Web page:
All bonsai start with a specimen of source material, a plant that the grower wishes to train into bonsai form. Bonsai practice is an unusual form of plant cultivation in that growth from seeds is rarely used to obtain source material. To display the characteristic aged appearance of a bonsai within a reasonable time, the source plant is often mature or at least partially grown when the bonsai creator begins work. Sources of bonsai material include:
- Propagation from a source tree through cuttings or layering.
- Nursery stock directly from a nursery, or from a garden centre or similar resale establishment.
- Commercial bonsai growers, which, in general, sell mature specimens that display bonsai aesthetic qualities already.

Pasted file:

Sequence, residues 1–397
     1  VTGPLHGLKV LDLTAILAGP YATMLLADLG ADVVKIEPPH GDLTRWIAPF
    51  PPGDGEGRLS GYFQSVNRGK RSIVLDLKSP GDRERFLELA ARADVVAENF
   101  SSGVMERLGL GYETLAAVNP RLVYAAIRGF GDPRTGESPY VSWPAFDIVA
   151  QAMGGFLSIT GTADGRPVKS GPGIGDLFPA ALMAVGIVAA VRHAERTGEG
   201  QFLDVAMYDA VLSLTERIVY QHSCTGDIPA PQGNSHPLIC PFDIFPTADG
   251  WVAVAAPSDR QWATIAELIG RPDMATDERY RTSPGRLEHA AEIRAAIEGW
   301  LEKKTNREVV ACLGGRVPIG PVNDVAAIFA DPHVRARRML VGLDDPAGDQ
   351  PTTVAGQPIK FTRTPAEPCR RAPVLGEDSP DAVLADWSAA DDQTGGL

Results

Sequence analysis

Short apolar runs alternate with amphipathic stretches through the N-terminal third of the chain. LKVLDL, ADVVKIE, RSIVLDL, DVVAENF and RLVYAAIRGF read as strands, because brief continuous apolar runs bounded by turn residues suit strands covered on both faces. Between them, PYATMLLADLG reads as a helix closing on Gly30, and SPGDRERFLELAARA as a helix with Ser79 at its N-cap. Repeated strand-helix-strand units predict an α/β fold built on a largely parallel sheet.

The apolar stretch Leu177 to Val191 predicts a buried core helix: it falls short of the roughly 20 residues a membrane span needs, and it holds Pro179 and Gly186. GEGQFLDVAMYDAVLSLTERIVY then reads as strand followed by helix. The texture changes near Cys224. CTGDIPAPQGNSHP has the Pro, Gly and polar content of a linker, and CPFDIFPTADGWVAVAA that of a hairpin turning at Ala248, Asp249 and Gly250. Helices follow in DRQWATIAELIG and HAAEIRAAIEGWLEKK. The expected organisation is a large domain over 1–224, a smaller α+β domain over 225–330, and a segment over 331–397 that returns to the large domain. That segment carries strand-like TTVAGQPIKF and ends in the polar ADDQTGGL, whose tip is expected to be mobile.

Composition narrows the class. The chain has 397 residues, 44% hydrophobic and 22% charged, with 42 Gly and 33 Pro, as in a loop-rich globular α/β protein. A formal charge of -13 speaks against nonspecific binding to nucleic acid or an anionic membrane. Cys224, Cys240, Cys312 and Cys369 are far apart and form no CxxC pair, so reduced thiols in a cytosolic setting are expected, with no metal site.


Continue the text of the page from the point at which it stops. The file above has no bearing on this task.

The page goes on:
- Collecting suitable bonsai material in its original wild situation, successfully moving it, and replanting it in a container for development as bonsai. These trees are called yamadori and are often the most expensive and prized of all Bonsai.
This juniper makes extensive use of both jin (deadwood branches) and shari (trunk deadwood).
The practice of bonsai development incorporates a number of techniques either unique to bonsai or, if used in other forms of cultivation, applied in unusual ways that are particularly suitable to the bonsai domain. These techniques include:
- Leaf trimming, the selective removal of leaves (for most varieties of deciduous tree) or needles (for coniferous trees and some others) from a bonsai's trunk and branches.
- Pruning the trunk, branches, and roots of the candidate tree.
- Wiring branches and trunks allows the bonsai designer to create the desired general form and make detailed branch and leaf placements.
- Clamping using mechanical devices for shaping trunks and branches.